How cells correct errors under time pressure

How does a cell balance risk and speed when dividing? EPFL scientists have developed and experimentally tested the first mathematical theory that describes the cell's best strategy for dividing safely and efficiently.

Direct cosmogenic nuclide dating of Olduvai lithic industry

Toshiyuki Fujioka and Alfonso Benito-Calvo, researchers at the Centro Nacional de Investigación sobre la Evolución Humana (CENIEH), have recently published a paper in the Journal of Human Evolution with the results of burial ...

Repeats are key to understanding humanity's genome

It was like a map of New York missing all of Manhattan. The human reference genome finally has all its blank spots filled in, and seeing everything we missed the first time around is both repetitive—and enlightening.

New study sheds light on early human hair evolution

Hair is an important feature of primate—including human—diversity and evolution, serving functions tied to thermoregulation, protection, camouflage and signaling. However, the evolution of wild primate hair remained relatively ...

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Human evolution

Human evolution, or anthropogenesis, is the part of biological evolution concerning the emergence of Homo sapiens as a distinct species from other hominins, great apes and placental mammals. It is the subject of a broad scientific inquiry that seeks to understand and describe how this change occurred. The study of human evolution encompasses many scientific disciplines, most notably physical anthropology, primatology, archaeology, linguistics and genetics.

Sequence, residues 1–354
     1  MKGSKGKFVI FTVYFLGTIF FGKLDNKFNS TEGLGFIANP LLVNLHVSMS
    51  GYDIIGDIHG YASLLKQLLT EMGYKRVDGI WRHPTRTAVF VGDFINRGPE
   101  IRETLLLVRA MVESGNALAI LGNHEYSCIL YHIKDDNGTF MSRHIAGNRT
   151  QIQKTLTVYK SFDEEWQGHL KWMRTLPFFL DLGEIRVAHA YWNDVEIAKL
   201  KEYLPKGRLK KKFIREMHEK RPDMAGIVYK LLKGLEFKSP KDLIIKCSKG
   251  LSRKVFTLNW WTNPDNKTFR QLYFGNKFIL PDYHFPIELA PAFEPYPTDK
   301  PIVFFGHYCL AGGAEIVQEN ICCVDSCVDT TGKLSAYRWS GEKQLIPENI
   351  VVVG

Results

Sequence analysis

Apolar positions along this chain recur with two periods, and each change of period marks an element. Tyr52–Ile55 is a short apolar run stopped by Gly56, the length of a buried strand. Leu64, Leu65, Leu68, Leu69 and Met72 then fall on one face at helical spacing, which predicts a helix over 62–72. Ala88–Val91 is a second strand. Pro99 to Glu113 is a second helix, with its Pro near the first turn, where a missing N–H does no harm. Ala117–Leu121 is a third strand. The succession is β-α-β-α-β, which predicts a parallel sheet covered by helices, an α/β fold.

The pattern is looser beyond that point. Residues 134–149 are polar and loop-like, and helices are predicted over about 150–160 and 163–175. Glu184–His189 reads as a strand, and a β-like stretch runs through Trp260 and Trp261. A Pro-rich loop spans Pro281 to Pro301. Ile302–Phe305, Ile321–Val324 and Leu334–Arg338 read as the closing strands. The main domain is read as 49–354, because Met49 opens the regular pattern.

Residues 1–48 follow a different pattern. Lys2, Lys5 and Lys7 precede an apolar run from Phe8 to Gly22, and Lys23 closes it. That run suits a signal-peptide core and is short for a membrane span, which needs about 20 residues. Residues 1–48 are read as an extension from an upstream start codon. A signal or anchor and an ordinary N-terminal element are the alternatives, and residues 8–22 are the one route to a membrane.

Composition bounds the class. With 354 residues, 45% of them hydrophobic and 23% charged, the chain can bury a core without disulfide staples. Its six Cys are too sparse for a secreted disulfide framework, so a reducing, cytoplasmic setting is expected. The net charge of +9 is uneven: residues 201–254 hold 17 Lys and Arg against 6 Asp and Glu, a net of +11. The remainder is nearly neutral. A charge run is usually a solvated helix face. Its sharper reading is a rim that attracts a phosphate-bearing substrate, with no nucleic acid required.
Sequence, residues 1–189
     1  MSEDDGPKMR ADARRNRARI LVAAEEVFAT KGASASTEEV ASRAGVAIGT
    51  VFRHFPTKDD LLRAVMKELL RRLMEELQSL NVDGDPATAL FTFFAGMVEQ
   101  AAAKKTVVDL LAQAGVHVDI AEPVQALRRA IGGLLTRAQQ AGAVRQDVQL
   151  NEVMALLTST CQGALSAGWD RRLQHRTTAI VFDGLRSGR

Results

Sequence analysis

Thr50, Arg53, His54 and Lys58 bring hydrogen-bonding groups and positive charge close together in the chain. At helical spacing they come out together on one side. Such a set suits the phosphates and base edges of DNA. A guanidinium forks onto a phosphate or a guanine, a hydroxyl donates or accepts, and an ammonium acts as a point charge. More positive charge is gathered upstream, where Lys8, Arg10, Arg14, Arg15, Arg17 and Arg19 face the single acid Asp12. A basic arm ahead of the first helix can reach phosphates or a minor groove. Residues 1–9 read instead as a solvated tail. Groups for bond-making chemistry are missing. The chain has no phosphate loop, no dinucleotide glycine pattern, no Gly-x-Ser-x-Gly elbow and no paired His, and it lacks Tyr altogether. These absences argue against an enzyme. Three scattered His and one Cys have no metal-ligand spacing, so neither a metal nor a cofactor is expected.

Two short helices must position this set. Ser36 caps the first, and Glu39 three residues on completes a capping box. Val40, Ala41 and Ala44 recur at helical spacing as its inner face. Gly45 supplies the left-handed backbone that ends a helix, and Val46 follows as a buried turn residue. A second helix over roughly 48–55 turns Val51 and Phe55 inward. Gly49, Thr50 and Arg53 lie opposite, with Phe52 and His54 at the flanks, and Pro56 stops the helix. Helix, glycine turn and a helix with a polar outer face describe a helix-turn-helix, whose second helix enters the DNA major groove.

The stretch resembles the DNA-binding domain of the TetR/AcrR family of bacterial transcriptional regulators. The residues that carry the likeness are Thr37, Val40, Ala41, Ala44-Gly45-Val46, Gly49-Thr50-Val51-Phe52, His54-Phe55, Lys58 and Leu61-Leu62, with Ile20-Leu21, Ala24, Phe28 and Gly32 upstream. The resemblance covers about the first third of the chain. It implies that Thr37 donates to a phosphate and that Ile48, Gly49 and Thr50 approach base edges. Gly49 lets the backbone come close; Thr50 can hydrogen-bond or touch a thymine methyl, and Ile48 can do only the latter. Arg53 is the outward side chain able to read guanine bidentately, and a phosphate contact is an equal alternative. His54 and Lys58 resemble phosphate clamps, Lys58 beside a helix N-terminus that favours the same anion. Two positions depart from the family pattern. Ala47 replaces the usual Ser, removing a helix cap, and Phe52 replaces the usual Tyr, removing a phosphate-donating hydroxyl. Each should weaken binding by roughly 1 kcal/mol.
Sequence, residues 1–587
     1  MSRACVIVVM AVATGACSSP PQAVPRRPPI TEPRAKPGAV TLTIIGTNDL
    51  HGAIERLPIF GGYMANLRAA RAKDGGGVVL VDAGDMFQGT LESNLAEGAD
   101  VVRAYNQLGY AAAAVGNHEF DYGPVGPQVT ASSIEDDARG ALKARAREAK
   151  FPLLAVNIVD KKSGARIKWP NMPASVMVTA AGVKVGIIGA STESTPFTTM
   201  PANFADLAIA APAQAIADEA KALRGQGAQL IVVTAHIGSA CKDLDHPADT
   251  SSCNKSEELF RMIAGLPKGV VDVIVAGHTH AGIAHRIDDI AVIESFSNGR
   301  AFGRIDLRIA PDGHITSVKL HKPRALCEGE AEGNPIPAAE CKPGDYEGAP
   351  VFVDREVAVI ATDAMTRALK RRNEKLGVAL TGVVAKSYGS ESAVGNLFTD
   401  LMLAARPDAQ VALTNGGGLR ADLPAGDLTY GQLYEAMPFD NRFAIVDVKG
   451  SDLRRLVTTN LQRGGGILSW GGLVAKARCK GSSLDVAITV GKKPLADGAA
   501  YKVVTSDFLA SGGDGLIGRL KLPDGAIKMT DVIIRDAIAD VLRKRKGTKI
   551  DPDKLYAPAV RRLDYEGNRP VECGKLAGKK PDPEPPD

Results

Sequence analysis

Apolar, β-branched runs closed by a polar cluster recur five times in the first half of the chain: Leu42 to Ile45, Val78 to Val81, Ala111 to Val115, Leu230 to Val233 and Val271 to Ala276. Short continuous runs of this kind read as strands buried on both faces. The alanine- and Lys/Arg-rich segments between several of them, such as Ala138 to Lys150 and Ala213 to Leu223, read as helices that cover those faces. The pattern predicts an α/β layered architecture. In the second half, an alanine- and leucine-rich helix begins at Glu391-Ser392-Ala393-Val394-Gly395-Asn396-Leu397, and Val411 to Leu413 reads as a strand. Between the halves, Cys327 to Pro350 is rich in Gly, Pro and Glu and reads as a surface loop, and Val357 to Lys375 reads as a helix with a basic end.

The term "human", in the context of human evolution, refers to the genus Homo, but studies of human evolution usually include other hominins, such as the Australopithecines. The Homo genus diverged from the Australopithecines about 2 million years ago in Africa. Scientists have estimated that humans branched off from their common ancestor with chimpanzees—the only other living homininis—about 5–7 million years ago. Several species of Homo evolved that are now extinct. These include Homo erectus, which inhabited Asia, and Homo neanderthalensis, which inhabited Europe.

Archaic Homo sapiens evolved between 400,000 and 250,000 years ago. The dominant view among scientists is the recent African origin of modern humans (RAO) that H. sapiens evolved in Africa and spread across the globe, replacing populations of H. erectus and H. neanderthalensis. Scientists supporting the alternative hypothesis on the multiregional evolution (ME) view modern humans as having evolved as a single, widespread population from existing Homo species, particularly H. erectus. The fossil evidence is insufficient to resolve this vigorous debate,. Studies of haplogroups in Y-chromosomal DNA and mitochondrial DNA have largely supported a recent African origin, while some researchers argue that evidence from nuclear genes supports a multiregional origin.

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